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1 January 1999 Forest Colonization and Developmental Growth of the Invasive Shrub Lonicera maackii
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Abstract

The invasive shrub Lonicera maackii (Rupr.) Herder (Amur honeysuckle) dominates the understory of many deciduous forests in southwestern Ohio and other areas. Extensive sampling of an isolated population of L. maackii was used to elucidate its colonization of a forest woodlot and subsequent growth and development. The current population age structure indicated that colonization likely occurred by a series of small dispersal events. The population remained small for about ten years and then increased dramatically, presumably due to the seed reproduction of the early colonizers. Young prereproductive shrubs are characterized by rapid height growth and high stem recruitment. After shrubs become reproductive at age 5–8, height growth continues but basal stem recruitment is reduced and radial growth increases shrub basal area. Allocation of primary production apparently shifts from stem recruitment and height growth in young shrubs to a balance of height growth, radial expansion and reproduction in older shrubs.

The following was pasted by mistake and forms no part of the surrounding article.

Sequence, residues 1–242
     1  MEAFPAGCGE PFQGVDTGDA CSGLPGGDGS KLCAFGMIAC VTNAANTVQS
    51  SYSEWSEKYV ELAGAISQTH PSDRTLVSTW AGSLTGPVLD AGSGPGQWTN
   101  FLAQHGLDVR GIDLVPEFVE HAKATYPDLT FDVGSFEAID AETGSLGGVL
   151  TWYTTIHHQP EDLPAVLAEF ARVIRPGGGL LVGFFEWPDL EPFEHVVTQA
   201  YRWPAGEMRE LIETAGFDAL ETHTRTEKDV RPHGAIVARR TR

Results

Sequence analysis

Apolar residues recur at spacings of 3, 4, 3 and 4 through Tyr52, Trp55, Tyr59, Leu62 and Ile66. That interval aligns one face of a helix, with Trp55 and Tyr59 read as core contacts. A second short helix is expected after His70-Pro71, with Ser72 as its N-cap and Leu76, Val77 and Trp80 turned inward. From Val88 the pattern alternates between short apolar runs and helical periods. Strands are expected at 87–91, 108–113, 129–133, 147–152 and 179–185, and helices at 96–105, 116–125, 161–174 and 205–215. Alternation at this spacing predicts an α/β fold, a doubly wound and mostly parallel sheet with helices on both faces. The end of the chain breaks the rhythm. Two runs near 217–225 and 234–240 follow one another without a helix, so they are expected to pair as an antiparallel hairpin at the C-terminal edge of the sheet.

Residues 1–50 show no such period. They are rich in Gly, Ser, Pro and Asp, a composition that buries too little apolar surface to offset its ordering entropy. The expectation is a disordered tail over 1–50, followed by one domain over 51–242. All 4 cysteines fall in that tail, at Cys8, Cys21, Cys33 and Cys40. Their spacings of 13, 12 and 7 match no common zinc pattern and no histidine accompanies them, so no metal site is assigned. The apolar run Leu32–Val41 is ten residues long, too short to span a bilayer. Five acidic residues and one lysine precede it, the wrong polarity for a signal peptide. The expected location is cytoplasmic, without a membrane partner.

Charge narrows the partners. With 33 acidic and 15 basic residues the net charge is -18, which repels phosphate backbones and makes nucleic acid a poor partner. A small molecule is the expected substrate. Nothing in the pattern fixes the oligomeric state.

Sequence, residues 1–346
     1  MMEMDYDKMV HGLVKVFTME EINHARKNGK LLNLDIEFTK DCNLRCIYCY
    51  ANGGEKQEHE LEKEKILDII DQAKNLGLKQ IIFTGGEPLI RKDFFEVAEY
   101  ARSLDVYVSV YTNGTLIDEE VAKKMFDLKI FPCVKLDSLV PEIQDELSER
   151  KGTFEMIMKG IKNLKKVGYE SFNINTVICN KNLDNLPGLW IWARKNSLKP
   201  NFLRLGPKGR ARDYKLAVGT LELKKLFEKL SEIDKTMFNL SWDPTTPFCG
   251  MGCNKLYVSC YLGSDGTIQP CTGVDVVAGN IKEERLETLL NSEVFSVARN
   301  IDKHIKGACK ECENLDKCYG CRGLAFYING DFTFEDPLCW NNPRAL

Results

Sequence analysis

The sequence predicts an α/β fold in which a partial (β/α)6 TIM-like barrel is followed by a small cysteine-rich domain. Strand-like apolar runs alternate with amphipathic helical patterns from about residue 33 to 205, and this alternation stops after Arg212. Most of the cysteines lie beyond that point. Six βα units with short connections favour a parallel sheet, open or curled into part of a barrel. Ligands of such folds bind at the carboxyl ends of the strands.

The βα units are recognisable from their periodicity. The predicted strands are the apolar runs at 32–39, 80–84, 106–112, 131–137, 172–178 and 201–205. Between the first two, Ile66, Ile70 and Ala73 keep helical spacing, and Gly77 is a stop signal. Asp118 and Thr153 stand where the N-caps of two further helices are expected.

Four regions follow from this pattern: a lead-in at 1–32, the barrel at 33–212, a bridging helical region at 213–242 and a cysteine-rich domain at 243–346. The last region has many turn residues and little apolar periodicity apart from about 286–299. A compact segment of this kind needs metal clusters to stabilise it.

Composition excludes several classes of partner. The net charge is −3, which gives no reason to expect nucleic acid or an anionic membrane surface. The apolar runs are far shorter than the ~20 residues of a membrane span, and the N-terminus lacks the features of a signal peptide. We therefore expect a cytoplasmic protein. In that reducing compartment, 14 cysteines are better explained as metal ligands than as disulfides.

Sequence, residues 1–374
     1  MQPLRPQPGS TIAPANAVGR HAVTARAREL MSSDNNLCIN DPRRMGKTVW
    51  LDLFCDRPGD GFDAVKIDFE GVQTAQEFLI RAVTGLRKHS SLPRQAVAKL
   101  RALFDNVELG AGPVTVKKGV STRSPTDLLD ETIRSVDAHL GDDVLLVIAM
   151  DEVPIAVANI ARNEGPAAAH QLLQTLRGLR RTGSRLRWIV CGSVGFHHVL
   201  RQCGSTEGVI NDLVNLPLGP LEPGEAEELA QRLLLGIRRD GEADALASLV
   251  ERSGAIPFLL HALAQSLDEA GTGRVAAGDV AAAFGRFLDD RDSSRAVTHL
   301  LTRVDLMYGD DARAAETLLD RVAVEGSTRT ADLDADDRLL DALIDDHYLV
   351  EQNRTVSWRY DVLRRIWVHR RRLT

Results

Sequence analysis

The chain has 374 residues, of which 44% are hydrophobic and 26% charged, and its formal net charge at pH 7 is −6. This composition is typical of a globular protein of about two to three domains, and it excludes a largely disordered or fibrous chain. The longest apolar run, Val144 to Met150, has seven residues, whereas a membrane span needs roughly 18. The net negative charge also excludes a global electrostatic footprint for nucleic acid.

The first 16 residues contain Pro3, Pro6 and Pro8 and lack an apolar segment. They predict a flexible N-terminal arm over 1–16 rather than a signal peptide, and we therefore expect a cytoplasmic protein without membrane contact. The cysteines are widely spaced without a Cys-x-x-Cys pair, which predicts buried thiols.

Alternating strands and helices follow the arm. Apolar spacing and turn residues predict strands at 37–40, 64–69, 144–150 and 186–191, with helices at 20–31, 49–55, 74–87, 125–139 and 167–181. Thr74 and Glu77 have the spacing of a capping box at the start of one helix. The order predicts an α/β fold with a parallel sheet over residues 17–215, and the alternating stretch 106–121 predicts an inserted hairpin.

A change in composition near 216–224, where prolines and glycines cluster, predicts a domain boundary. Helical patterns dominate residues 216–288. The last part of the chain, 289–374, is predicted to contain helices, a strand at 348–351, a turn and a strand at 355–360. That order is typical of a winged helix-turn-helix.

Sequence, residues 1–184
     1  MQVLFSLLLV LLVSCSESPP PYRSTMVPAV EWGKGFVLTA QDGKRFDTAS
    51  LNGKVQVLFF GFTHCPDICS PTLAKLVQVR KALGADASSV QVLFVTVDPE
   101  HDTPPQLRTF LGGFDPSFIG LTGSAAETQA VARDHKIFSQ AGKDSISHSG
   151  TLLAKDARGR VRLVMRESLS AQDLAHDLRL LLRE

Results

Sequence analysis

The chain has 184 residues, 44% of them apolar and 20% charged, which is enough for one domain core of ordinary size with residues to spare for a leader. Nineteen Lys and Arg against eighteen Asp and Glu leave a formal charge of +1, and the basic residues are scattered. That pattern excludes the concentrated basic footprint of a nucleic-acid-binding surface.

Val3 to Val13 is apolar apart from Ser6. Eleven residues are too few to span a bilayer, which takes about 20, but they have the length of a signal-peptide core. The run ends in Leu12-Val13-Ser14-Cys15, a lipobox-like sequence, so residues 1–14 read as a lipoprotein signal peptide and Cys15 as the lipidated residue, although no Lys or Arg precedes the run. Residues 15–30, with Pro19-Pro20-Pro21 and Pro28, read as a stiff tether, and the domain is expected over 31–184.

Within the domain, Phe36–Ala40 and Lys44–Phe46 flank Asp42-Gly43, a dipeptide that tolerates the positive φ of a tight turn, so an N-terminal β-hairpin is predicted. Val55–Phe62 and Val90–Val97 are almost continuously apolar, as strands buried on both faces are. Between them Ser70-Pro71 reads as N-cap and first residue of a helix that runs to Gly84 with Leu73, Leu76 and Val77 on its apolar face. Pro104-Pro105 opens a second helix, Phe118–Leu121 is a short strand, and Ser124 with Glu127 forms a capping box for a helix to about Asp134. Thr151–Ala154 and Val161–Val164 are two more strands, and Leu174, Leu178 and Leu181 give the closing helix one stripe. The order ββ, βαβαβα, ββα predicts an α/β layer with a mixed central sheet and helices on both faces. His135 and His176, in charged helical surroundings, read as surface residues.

RYAN H. DEERING and John L. Vankat "Forest Colonization and Developmental Growth of the Invasive Shrub Lonicera maackii," The American Midland Naturalist 141(1), 43-50, (1 January 1999). https://doi.org/10.1674/0003-0031(1999)141[0043:FCADGO]2.0.CO;2
Accepted: 1 August 1998; Published: 1 January 1999
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